(To read the story in Finnish, please go to Rento matkablogi – Sudeleyn linna)
The atmosphere of our trip to the Cotswolds in England demanded a visit to at least one castle. Since “Downton Abbey”, i.e. Highclere Castle, wasn’t an option (because A. it’s almost fully booked for the rest of the year and B. it’s nowhere near the Costwolds), I was happy to find out about Sudeley Castle just outside the village of Whinchcombe in the heart of the Cotswolds. The castle was once home to the Queen of England and is still a private residence. But to be honest, I was sold when I heard this was the venue for Elizabeth Hurley’s wedding.
During my English studies at the University of Helsinki I wasn’t really too bothered about the history of the British royals. However, as I’ve gotten older all sorts of things have started to interest me and especially Henry VIII has later impressed me with his eventful private life. Six wives, two of whom were beheaded and two of whom he divorced. One divorce that eventually resulted in the English Reformation. So many illegitimate children I’ve lost count, booze, gambling, affairs with two sisters. Quite a track record, hey? It’s like the Bold and the Beautiful, only in reality. For a taste of Henry VIII, check out the movie The Other Boleyn Girl.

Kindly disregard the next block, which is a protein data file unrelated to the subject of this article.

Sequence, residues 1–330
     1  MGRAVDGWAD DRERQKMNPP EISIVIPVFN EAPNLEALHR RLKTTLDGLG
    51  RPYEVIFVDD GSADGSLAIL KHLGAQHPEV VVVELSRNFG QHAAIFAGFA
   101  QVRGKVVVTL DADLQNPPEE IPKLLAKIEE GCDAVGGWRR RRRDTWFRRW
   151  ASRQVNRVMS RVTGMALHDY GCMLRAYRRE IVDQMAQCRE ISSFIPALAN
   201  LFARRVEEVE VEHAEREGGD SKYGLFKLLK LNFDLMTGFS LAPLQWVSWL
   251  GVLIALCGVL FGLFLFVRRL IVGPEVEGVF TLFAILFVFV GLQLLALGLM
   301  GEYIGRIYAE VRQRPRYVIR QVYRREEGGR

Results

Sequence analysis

So what does all this have to do with Sudeley Castle? Well, the last wife of Henry VIII, Katherine Parr, used to live there and was buried in the chapel in the garden. As a creepy detail I might mention that her body was found in the ruins of the chapel in 1782 and had for some reason remained intact, all moist and white, for 234 years. After the coffin was found it was reopened several times which eventually ruined the body. The final resting place of Katherine Parr still remains in the Sudeley Castle chapel.
As I mentioned, the castle is very much a private residence which is why there is only a limited number of rooms that visitors are allowed to enter. The price for the entrance in my opinion is a bit steep at 14,50 pounds per person, but it includes the entire visit with the castle, garden and chapel. The interior is mainly a museum exhibition with a couple of decorated rooms. I found the queen’s loo especially interesting and at that point was disappointed that photographing was not permitted. I also enjoyed the display on the wives of Henry VIII.
The garden was gorgeous already in the spring so I can imagine it must be even more beautiful in the summer. Or what do you think? Which English castles have you visited and which would you recommend?